Like most purchases related to kids, babyproofing can cost a little or a lot. According to the experts, how much you’ll pay depends on a wide range of factors, including:

  • How much of your home you plan to babyproof
  • The size of your home
  • Your home’s design
  • Your furniture and decor choices

A home with several staircases may come with considerably higher costs to babyproof since you would likely want to place gates at each one, for example. Likewise, a home without stairs wouldn’t require any gates or any associated costs to babyproof staircase railings or landings.

Arvey Levinsohn, a Certified Professional Childproofer who works for A&H Childproofers in the Chicago area, said that cost also depends on the parents and their personal preferences. For example, some parents may want their entire home protected just in case, while others may only want to childproof a few bedrooms and living areas where their child spends the most time.

Levinsohn said that confining your child to certain areas of your home is one of the best ways to save money on babyproofing. “That way, you can keep an eye on them and you’re not overspending to babyproof rooms you may not actually use.”

If you want to come up with an estimate on the costs of babyproofing your home, there are two ways to go about it, the first of which is the do-it-yourself method. Walk through each room of your home and make a list of items that need protection including furniture, staircases, electrical outlets, cords and more. Also note how many baby gates you’ll need, since they are often one of the most expensive components of any babyproofing strategy.

From there, you can shop around for pricing. Tally up everything you need to buy from outlet covers to furniture anchors, taking into account your personal style preferences and your favorite brands.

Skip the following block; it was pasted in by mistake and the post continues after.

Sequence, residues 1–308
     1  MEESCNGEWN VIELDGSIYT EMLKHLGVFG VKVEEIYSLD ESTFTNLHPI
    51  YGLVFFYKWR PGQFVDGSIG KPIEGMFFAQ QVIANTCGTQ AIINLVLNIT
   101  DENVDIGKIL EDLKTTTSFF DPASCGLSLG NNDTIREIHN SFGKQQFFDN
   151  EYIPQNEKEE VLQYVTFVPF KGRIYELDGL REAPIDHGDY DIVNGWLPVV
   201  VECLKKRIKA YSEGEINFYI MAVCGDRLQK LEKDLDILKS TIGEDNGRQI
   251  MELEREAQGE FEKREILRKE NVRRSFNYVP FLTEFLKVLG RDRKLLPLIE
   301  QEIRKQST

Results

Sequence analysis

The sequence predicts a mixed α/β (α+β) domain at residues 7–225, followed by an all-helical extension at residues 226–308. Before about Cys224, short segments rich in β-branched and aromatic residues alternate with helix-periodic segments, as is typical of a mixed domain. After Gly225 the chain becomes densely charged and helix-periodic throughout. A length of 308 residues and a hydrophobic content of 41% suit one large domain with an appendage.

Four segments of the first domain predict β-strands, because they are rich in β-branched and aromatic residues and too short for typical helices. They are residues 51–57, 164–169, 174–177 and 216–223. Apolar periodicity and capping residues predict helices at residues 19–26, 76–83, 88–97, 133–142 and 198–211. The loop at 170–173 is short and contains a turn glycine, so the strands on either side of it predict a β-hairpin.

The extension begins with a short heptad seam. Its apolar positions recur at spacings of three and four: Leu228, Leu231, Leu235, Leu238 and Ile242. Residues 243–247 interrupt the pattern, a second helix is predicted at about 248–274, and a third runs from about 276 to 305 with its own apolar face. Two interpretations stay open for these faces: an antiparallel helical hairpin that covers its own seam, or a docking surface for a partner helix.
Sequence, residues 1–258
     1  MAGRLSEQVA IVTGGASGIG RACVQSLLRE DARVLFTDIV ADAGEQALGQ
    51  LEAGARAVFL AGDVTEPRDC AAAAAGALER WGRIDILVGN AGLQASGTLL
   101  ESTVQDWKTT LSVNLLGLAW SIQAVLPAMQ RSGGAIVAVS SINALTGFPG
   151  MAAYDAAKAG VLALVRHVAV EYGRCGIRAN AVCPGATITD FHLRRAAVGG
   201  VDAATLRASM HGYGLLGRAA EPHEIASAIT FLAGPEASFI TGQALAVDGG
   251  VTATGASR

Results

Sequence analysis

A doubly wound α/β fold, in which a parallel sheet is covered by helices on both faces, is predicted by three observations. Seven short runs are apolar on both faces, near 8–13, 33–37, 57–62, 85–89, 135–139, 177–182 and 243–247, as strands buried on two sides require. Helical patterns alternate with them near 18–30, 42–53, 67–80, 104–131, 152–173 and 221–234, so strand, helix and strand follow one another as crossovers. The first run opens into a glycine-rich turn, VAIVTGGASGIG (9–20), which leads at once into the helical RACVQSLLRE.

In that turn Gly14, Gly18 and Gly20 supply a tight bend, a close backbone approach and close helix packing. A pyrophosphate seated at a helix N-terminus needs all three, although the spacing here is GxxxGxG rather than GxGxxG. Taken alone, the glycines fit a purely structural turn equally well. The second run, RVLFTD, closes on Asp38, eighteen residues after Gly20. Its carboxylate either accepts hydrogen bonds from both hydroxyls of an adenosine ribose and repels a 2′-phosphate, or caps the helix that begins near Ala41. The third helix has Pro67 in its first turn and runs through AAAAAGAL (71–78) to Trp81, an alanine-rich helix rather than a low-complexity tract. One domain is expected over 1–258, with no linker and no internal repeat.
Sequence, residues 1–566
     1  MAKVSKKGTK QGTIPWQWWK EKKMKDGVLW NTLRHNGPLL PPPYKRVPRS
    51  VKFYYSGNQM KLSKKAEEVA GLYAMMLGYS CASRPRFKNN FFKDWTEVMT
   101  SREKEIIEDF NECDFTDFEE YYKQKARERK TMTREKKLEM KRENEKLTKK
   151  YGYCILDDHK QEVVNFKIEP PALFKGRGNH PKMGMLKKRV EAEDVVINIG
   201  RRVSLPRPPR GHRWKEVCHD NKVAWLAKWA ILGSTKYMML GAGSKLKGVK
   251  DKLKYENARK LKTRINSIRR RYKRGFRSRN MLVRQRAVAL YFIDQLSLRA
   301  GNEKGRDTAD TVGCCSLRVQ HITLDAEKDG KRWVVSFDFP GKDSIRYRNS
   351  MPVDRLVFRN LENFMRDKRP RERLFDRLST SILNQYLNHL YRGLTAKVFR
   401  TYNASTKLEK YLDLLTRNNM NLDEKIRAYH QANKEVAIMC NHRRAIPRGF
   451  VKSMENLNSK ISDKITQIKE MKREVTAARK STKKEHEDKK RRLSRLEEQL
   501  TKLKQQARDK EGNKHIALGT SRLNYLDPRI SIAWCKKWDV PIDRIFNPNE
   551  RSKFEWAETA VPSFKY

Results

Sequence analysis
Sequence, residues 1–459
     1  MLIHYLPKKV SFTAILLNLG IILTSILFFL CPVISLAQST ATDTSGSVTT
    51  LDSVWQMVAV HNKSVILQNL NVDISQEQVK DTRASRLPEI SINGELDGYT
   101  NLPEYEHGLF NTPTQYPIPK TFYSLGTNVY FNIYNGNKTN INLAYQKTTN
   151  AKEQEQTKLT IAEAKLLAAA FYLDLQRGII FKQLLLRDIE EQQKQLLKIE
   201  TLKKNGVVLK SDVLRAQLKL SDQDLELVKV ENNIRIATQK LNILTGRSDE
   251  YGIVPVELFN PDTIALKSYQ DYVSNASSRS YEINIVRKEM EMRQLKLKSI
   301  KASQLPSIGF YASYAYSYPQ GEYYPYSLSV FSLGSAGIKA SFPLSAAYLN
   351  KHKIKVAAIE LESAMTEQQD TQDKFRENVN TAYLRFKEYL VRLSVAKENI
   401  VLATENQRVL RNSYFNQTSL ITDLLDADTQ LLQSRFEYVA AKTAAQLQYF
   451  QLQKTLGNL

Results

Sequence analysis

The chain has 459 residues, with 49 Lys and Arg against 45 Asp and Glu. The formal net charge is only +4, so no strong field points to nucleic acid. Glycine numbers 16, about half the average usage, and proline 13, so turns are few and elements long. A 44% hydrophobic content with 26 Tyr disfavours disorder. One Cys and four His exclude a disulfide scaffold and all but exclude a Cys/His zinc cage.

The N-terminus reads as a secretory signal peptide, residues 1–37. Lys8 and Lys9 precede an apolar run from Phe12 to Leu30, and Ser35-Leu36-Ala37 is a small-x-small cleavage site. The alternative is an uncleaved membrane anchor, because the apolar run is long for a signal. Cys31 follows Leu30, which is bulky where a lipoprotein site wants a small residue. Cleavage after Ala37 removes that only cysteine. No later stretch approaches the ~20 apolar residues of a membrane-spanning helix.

Should you hire a professional?

While the do-it-yourself method for childproofing will inevitably save you money, it will also require an investment of time. Obviously, it could take days or even weeks to figure out which babyproofing supplies you need, shop around for materials that match your personal style, then install it all yourself.

If you feel like you need some help, you do have the option of hiring a professional childproofer. These companies will come out to your home and inspect your property for potential hazards you should eliminate. They will also provide you with a list of childproofing “musts” for your home, along with an estimate of how much it would cost for professional childproofing. Many childproofing companies will even do an estimate for free, and some who do charge for an estimate will deduct the estimate cost from your bill if you wind up using their services.

If you’re wondering how much a professional babyproofing company will charge for their services, it’s difficult to come up with a concrete estimate. What you’ll pay depends on your needs, how much of your home you want protected, and the unique characteristics of your property. As a result, service costs vary widely, and what’s affordable for you will depend on your budget.

Professional childproofer Peter Kerin of Foresight Childproofing in Minnesota said pricing can also depend on the fixtures you select. “There are wonderful gates that are $200, but you can get the same quality for $50,” he said. “How much you’ll pay depends on your style as much as anything else.”

The bottom line

Childproofing your home is the best way to protect your infant or toddler from injuries that are likely preventable. Preparing your home in this way may not come cheap, but it’s possible it could save you from a lifetime of regret.

Fortunately, there are plenty of ways to babyproof your home in a way that’s both helpful and stylish. And if all else fails, call in the professionals to help.

Advertiser Disclosure: The products that appear on this site may be from companies from which MagnifyMoney receives compensation. This compensation may impact how and where products appear on this site (including, for example, the order in which they appear). MagnifyMoney does not include all financial institutions or all products offered available in the marketplace.

Holly Johnson
Holly Johnson |

Holly Johnson is a writer at MagnifyMoney. You can email Holly here